By Kelly Wilton
If you caught us recently over on our Source Mama Live you would’ve heard the great conversation we had about the things that people continue to say that get under the skin of us special needs mamas. Don’t worry if you missed it because you can watch the replay right here:
I think many of us can relate to those difficult days when we are so worn out that we feel we can’t face one more insensitive comment; that just one more and we could explode or implode!
I know for me personally I was super-sensitive to a lot of comments in the early days, and even now there are still things that get under my skin. Back then, I would have loved a group like this where I felt heard and seen as a special needs parent instead of struggling to fit in with other groups of parents travelling completely different paths.
The thing that I took away from our Live chat is that, even now in 2020, outdated attitudes towards families in the disability community remain, and these really need to go. Woeful comments from ‘did you cause your child’s disability?’ to unsolicited advice like ‘rein that kid in, he needs a good smack to sort him out!’ are still experienced by many.
I’m part of a generation of parents who are witnessing first-hand the lengths that some people are going to, fighting for inclusion and for mainstream society to accept and show diversity and representation in all communities. It is getting better out there but we still have a long way to go.
But whose fight is it? Should it be the person with disability, the parents of children, our government? In a simplistic answer – it should be ALL of us.
To make a start, here are some ways I think people can be a better ally to a special needs family in the way we’re spoken to about our child’s disability…
Do ask questions but think carefully before you speak: Give it some consideration before a question comes blurting out of your mouth. Remember to be respectful and think about boundaries and how well you know the person you’re speaking to. Are questions of a personal nature really any of your business? Don’t look like a fool by asking something without giving it some real thought. Above all, keep it simple but kind.
Do hold space for us to talk and vent if we need to: Don’t shut us down with a ‘my friend has a kid that has blah blah’ if we open up to you, and please don’t minimise the situation in a misguided attempt to make us feel better. Saying “at least it’s not as bad as….” actually does make it bad and makes us feel like a situation or problem is invalid! Instead, just listen. You have two ears, one mouth, use them wisely to learn something new without assuming you know it already.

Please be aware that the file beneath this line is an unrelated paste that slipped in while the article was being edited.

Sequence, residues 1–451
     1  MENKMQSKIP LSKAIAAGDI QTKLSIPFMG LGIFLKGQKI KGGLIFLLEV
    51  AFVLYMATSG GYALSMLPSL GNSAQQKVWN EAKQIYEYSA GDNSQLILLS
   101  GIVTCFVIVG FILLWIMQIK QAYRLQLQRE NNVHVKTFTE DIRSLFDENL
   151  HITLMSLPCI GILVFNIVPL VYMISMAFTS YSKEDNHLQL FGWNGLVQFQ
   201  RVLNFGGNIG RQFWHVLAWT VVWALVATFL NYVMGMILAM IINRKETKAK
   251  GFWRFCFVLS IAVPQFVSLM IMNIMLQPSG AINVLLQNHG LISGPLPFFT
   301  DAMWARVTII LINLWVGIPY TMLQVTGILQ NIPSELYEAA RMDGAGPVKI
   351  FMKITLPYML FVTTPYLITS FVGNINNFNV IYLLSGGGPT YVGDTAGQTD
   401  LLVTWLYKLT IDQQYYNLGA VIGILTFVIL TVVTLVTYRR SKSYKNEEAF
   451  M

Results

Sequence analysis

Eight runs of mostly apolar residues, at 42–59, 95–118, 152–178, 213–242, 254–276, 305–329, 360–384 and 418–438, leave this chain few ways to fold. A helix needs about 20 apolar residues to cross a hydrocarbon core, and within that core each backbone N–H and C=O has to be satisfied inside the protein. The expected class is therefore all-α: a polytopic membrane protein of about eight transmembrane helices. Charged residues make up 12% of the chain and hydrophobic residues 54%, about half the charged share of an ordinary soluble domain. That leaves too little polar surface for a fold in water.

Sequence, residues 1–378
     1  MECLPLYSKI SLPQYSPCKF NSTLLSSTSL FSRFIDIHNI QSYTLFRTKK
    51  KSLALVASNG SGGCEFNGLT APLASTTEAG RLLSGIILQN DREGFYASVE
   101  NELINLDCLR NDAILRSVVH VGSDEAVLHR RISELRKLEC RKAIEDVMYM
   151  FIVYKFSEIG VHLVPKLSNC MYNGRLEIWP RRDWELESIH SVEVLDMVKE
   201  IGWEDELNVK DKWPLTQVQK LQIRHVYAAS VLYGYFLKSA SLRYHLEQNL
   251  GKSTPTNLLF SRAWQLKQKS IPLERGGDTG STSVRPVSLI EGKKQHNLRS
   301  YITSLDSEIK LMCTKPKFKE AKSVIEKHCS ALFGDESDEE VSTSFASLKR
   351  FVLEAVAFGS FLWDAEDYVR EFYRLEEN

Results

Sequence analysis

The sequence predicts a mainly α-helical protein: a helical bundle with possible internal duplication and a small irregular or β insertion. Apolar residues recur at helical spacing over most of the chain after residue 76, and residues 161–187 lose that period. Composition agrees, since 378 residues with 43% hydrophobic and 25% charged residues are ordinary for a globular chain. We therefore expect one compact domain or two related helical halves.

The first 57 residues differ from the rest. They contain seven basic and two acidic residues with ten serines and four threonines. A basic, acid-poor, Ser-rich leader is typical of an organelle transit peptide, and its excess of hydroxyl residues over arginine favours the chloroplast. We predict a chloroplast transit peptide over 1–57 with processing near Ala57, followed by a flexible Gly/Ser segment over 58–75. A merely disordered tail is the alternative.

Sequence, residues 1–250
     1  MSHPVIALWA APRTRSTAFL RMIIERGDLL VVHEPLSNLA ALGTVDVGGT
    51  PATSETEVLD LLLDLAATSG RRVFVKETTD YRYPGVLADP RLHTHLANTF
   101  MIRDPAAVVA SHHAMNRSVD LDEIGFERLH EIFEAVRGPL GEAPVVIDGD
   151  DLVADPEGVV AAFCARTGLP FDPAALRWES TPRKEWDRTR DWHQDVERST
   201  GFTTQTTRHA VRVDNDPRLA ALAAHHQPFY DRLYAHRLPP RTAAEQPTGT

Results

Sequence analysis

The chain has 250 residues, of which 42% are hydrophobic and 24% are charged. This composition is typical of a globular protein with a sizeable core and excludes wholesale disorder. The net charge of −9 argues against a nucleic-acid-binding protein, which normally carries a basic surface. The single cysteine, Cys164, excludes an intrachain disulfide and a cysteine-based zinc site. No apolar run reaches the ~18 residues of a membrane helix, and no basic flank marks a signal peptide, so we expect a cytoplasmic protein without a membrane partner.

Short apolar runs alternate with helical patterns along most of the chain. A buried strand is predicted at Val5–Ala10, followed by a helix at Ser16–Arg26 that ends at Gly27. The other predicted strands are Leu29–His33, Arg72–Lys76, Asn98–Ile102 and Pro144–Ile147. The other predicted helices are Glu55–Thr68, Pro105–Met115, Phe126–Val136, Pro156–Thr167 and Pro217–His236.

Don’t give unsolicited advice: If we haven’t asked for your advice then don’t give it, simple. Many of us have been in this scenario far too many times, and it gets old, real fast. So please, don’t go there unless you’re asked.
Don’t pretend your friend doesn’t have a child with a disability: Often our child’s condition and everything it entails is the biggest thing in our life. It just is. It affects all of us in our immediate family – our relationships with our partners, siblings, family, friends, work relationships, the list goes on. Our world centres around providing the support, structure and love that is needed to support our child in a world that is often quick to dismiss anything that doesn’t fit the norm. Saying things like “He doesn’t look that bad” dismisses all the hard work that goes on behind the scenes that you simply are not privy to. Instead try “I love his/her spirit, his/her willingness, attitude” it shows you are looking a bit more deeply than the standard quick glance and judgement on someone’s life and their ability to live it.
There is so much more we could discuss and this is only the start! There’s no doubt that 2020 has been a challenging and difficult year for all of us. In spite of the incredible differences we all have (which is what makes life so damn interesting after all!), let’s set an intention of being mindful going forward and using our energy and humanity wisely.